Venus at maximum brightness
Venus at maximum brightness (Chris Vaughan, Starry Night Education)
This Week’s Sky: April 27 to May 3

It’s a busy week, with the Crescent Moon waxing to its second first Quarter Moon of April. As well, look for the Lunar X and Venus at maximum brightness.

It’s a busy week, with the Crescent Moon waxing to its second first Quarter Moon of April. As well, look for the Lunar X and Venus at maximum brightness.

Monday, April 27 evening – Crescent Moon near Messier 35

Crescent Moon near M35 (Chris Vaughan, Starry Night Education)

In the western sky on the evening of Monday, April 27, the waxing Crescent Moon will pass close to three medium-bright stars named Tejat, Propus, and 1 Geminorum, which form the feet of Castor, the more westerly twin of Gemini. At the same time, your binoculars might reveal a tight cluster of stars sitting less than two finger widths to the right (or 1.75 degrees to the celestial northwest) of the Moon. That’s an open star cluster known as Messier 35, M35, or more appropriately, the Shoe-Buckle Cluster. The cluster and the Moon will be close enough to fit together in the field of view of binoculars (red circle) — but the cluster will be more apparent if you keep the bright Moon just outside your binoculars’ field of view.

Monday, April 27 evening – Venus at maximum brightness

Venus at maximum brightness (Chris Vaughan, Starry Night Education)

On Monday, April 28, the evening planet Venus will achieve its “greatest illuminated extent” for the current lengthy evening apparition. That terminology describes the optimum combination of the approaching planet’s apparent disk size (38 arc-seconds) and its illuminated phase. That evening, Venus will shine at a spectacular magnitude —4.73. Its 27-per-cent illuminated crescent phase (inset) will be apparent in any telescope or spotting scope, good binoculars — or even to very sharp, unaided eyes.

Wednesday, April 29 around 9:45 p.m. EDT – Lunar X

Lunar X (Chris Vaughan, Starry Night Education)

Several times a year, for a few hours near its first quarter phase, a feature on the Moon called the Lunar X becomes visible in strong binoculars and backyard telescopes.

When the rims of the craters Purbach, la Caille, and Blanchinus are illuminated from a particular angle of sunlight, they form a small, but very obvious X-shape. The phenomenon called is pareidolia — the tendency of the human mind to see familiar objects when looking at random patterns.

The Lunar X is located near the terminator, about one third of the way up from the southern pole of the Moon (at 2° East, 24° South). The prominent round crater Werner sits to its lower right.

On Wednesday, April 29, the Lunar X is predicted to peak in intensity at 9:44 p.m. EDT (or 01:44 GMT on Thursday, April 30) — but the phenomenon will be visible for approximately two hours on either side of that time. This event should be visible wherever the Moon is shining in a dark sky during that time window. Simply adjust for your difference from the Eastern Time zone. For the Americas, the Moon will be positioned in the southwestern evening sky.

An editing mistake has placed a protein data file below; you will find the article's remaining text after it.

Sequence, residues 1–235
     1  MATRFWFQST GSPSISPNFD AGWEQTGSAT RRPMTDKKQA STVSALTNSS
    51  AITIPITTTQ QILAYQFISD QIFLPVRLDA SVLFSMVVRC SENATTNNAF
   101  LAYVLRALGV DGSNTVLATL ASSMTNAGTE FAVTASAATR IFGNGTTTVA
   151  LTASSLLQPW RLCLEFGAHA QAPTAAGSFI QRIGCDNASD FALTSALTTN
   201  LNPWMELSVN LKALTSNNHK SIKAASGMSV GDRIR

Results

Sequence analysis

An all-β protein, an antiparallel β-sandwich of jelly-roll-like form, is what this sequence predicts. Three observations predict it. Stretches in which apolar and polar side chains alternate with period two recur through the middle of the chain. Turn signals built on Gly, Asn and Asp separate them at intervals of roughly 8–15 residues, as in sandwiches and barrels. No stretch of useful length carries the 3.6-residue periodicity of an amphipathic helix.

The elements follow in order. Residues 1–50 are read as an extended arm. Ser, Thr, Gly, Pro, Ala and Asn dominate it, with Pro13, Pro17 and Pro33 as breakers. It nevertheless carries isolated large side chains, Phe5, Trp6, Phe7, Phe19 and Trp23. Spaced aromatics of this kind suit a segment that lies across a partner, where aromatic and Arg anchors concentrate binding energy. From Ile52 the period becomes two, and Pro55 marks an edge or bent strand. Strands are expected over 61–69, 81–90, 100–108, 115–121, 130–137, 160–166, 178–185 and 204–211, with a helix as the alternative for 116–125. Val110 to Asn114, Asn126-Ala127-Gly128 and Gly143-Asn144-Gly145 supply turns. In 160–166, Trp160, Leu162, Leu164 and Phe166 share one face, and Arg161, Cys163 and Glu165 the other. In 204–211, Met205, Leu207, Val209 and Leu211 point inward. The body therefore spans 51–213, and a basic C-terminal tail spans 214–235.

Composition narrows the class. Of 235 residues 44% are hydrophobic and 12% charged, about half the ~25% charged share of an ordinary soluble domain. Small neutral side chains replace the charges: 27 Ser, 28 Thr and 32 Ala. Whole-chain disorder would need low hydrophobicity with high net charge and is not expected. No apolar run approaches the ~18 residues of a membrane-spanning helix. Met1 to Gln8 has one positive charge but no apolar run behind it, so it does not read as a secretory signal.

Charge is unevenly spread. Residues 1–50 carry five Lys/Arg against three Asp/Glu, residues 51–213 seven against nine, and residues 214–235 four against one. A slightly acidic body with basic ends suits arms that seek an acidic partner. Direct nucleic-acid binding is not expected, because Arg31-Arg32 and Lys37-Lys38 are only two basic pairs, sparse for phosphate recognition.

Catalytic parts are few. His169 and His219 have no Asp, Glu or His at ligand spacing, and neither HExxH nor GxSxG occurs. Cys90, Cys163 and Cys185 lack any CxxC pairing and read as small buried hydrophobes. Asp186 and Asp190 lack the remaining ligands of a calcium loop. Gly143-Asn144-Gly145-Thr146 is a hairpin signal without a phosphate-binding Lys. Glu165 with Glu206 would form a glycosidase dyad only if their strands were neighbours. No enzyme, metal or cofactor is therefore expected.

Thursday, April 30 wee hours – Moon near the Beehive again

Moon near the Beehive again (Chris Vaughan, Starry Night Education)

Low in the northwestern sky in the wee hours of Thursday, April 30 to see the waxing half-illuminated Moon positioned a palm’s width to the lower right (or six degrees to the celestial west) of the large open star cluster known as the Beehive or Messier 44 in the constellation of Cancer, the Crab. This is the Moon’s second such meeting in April. The Moon passes close to, or through, this cluster frequently because the Beehive is located only one degree north of the ecliptic (green line).

Thursday, April 30 at 20:38 GMT – Second first Quarter Moon of April

Second first Quarter Moon of April (Chris Vaughan, Starry Night Education)

When a lunar phase occurs on the first day of a calendar month, it can repeat at month-end – so tonight brings a first quarter phase for the second time this April.

When the Moon reaches its first quarter phase, the relative positions of the Earth, Sun and Moon cause us to see the Moon half illuminated on the western (right-hand) side. Sunlight striking the Moon at a shallow angle produces spectacularly illuminated landscapes along the pole-to-pole terminator that separates the lit and dark hemispheres.

First Quarter Moons rise at noon and set at midnight, so they are visible starting in the afternoon hours. And another bit of trivia: the term first quarter refers not to the Moon’s appearance, but the fact that our natural satellite has now completed one quarter of its orbit around Earth, counting from the last New Moon.

Sunday, May 3 from 6:35 to 10:00 GMT – Callisto’s shadow and the Great Red Spot on Jupiter

Callisto’s shadow and the Great Red Spot on Jupiter (Chris Vaughan, Starry Night Education)

From time to time, the small, round, black shadows cast by one or more of Jupiter’s four Galilean moons can be seen in amateur telescopes as they cross the disk of the giant planet. Every second or third day, we can see the Great Red Spot on the planet for several hours. On Sunday, May 3 from 6:35 to 10:00 GMT (or 2:25 to 6 a.m. EDT) observers in the Americas with good quality telescopes can watch Callisto’s shadow cross Jupiter, accompanied by the Great Red Spot.

Chris Vaughan is a science writer, geophysicist, astronomer, planetary scientist and an “outreach RASCal.” He writes Astronomy Skylights, and you can follow him on Twitter at @astrogeoguy. He can also bring his Digital Starlab portable inflatable planetarium to your school or other daytime or evening event. Contact him through AstroGeo.ca to tour the universe together.

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